Cultural humility is essential to provide holistic quality care to all individuals affected by cancer as it values learning from and with our patients. Cultural humility encourages an appreciation and understanding of our unique journeys as its goal is to build a mutually beneficial relationship rather than a provider/patient dynamic. To summarize, cultural humility is a clinical skill requiring curiosity and respect; applying the skill of cultural humility is necessary for culturally competent care, and both are key to providing high quality care.

There has been a lot of conversation surrounding the rising cost of cancer care and financial toxicity following various ASCO presentations. Is financial toxicity a growing problem? What can providers and nurses do to help their patients navigate this toxicity and try to prevent it from becoming worse?

Yes, financial toxicity is a growing concern for our patients. The cost of care itself along with rising deductibles and out of pocket expenses impacts a patient’s quality of life. With newer medications, such as immunotherapy agents, the monthly costs can be thousands of dollars.

All oncology clinicians, nurses, physicians, as well as our administrative staff can help address this by normalizing the financial conversation. For example, some of my patients have questions about the cost of this medication. Because of this, our social worker meets with everyone to review what resources are available. On a federal level, it’s important that oncology nurses continue to advocate for lower insurance premiums and oral parity legislation.

This year’s symptoms and survivorship track showcased data on a variety of topics. Which presentations from this track did you find interesting? How has the focus on symptoms and survivorship grown over the years? Where are their current gaps and where do you think research should continue to focus?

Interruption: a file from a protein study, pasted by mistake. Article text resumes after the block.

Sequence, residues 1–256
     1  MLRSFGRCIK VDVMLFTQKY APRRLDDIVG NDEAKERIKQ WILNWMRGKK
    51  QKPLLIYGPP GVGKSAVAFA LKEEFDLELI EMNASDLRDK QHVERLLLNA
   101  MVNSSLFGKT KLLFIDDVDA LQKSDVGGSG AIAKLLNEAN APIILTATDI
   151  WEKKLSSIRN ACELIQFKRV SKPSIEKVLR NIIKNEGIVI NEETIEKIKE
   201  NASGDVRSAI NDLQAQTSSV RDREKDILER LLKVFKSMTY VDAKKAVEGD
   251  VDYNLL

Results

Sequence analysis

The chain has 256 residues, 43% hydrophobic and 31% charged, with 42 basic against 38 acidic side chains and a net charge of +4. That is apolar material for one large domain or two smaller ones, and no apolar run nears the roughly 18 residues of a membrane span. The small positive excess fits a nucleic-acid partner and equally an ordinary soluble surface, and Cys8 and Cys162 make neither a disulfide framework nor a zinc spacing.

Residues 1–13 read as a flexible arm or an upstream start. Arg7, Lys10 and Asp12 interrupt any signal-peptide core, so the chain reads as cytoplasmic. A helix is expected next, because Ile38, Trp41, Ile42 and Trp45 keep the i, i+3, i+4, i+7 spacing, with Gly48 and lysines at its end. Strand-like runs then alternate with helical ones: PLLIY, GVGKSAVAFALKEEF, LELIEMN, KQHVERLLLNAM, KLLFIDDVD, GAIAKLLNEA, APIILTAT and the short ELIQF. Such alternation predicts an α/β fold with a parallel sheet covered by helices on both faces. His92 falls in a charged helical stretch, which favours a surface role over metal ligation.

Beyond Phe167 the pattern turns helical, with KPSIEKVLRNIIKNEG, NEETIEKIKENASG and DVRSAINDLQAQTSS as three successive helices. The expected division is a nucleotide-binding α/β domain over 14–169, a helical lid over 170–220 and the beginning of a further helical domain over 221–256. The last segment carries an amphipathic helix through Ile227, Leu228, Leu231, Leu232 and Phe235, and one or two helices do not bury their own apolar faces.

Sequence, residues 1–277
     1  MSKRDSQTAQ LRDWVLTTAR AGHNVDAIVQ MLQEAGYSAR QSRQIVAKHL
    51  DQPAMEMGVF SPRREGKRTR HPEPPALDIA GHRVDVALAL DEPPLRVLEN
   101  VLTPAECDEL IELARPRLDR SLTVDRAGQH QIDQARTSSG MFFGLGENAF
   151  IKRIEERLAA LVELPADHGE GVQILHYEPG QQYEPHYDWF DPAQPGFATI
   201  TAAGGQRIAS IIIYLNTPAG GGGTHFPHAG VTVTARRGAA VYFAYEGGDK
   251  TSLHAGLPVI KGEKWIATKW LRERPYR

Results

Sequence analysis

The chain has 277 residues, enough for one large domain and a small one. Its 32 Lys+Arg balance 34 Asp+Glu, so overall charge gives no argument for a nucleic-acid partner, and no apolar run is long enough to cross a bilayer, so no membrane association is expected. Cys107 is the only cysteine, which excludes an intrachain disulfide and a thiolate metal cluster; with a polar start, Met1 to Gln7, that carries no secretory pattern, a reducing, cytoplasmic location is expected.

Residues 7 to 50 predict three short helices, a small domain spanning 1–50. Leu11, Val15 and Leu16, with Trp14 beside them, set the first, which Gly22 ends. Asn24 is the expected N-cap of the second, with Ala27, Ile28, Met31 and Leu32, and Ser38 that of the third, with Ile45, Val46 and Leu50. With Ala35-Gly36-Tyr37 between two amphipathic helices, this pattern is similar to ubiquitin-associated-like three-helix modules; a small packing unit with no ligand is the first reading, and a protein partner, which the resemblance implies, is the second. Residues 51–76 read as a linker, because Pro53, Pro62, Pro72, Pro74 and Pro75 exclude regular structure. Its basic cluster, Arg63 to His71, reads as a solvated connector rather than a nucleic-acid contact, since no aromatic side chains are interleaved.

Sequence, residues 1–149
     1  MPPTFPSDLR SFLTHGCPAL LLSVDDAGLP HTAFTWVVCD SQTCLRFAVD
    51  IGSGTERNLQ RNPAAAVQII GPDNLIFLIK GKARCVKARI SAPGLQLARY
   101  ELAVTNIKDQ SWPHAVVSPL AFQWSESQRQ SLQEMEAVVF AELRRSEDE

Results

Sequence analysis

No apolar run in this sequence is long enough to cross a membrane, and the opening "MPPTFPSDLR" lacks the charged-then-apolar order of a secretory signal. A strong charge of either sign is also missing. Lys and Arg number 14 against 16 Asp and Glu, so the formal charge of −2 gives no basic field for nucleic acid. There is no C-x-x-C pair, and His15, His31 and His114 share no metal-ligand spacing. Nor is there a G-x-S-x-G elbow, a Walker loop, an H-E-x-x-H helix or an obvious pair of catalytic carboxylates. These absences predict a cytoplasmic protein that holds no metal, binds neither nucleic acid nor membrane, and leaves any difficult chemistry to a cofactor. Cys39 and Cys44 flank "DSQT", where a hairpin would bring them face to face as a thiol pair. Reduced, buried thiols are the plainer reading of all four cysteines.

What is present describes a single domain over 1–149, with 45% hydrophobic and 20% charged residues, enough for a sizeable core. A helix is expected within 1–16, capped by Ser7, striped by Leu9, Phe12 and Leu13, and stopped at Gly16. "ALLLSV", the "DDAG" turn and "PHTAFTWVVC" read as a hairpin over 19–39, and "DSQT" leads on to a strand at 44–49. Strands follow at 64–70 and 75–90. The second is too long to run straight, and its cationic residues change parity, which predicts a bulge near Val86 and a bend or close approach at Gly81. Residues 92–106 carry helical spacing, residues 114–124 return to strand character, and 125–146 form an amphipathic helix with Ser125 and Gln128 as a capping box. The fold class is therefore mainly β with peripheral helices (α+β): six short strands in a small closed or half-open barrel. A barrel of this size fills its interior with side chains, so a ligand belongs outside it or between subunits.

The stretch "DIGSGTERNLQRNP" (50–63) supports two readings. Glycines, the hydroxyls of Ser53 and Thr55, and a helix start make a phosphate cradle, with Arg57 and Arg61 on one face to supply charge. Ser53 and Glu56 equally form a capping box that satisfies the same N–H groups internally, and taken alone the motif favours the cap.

I was glad to see the number of abstracts presented in this category as oncology nurses spend a great deal of time helping individuals manage the long term and late effects of cancer treatment. In particular, I was pleased to see fear of recurrence being addressed.

Individuals living with cancer face a myriad of psychosocial distress throughout the cancer continuum; however, fear of recurrence is one of the most common unmet needs expressed by all of our patients, including those with early-stage cancers and those living with metastatic cancer. Fear of recurrence is associated with increased anxiety which may affect quality of life, and not just that of the individual, but their entire support system. As discussed, we need to assess individuals throughout the cancer continuum, including at the end of active treatment and at all follow-up visits to validate their feelings and provide them with the necessary support.

As the number of individuals living with cancer continues to increase, for example, childhood cancer survivors living well into adulthood, along with the number of individuals diagnosed with cancer that are greater than 65 [years old], there is a need to address comorbidities and how they impact cancer treatment and ongoing effects. For example, how does treatment impact [adverse] effects in individuals with both diabetes and cancer?

In addition, the number of abstract presentations focusing on digital health and patient reported outcomes is another area that continues to increase and where additional collaborative research is needed with our behavioral health colleagues.